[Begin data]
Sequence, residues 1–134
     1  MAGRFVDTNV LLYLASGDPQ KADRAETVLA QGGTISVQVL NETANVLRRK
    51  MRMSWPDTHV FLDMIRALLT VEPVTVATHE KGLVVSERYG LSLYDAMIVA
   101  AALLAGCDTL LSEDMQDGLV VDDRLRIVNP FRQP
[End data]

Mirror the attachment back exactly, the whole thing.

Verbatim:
Sequence, residues 1–134
     1  MAGRFVDTNV LLYLASGDPQ KADRAETVLA QGGTISVQVL NETANVLRRK
    51  MRMSWPDTHV FLDMIRALLT VEPVTVATHE KGLVVSERYG LSLYDAMIVA
   101  AALLAGCDTL LSEDMQDGLV VDDRLRIVNP FRQP